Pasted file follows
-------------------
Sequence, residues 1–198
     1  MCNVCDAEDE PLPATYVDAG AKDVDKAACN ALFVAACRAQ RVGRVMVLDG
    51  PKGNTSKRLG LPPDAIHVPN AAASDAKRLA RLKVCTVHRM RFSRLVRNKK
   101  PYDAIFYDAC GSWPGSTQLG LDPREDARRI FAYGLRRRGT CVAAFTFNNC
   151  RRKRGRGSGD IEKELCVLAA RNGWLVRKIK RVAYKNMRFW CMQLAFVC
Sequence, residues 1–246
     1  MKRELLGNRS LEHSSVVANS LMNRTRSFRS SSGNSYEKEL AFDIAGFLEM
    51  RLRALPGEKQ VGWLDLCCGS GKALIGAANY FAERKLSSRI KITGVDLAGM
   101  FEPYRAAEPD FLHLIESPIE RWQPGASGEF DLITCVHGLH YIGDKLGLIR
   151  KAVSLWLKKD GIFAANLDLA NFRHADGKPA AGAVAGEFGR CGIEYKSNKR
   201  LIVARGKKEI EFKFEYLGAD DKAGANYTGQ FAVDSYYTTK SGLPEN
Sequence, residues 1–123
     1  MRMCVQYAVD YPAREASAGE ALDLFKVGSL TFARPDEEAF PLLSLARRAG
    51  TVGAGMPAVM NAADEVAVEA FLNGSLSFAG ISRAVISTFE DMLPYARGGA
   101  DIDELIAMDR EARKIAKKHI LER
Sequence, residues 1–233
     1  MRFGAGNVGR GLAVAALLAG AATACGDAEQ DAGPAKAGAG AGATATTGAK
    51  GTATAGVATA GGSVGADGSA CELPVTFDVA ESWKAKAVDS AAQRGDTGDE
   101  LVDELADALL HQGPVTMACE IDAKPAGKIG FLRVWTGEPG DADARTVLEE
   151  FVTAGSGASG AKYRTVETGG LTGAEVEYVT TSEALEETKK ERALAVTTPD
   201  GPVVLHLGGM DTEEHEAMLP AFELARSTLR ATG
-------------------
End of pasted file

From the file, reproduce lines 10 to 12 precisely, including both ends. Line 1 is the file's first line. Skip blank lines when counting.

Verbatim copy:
   151  KAVSLWLKKD GIFAANLDLA NFRHADGKPA AGAVAGEFGR CGIEYKSNKR
   201  LIVARGKKEI EFKFEYLGAD DKAGANYTGQ FAVDSYYTTK SGLPEN
Sequence, residues 1–123